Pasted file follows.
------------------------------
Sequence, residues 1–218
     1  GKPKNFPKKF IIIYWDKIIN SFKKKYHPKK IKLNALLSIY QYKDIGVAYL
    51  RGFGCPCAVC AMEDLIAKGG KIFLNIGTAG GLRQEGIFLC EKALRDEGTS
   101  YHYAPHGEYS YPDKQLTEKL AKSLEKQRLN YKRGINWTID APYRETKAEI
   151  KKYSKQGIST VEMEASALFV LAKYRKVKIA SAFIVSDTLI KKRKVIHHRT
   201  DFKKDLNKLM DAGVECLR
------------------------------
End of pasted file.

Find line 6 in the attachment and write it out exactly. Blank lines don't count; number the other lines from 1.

   201  DFKKDLNKLM DAGVECLR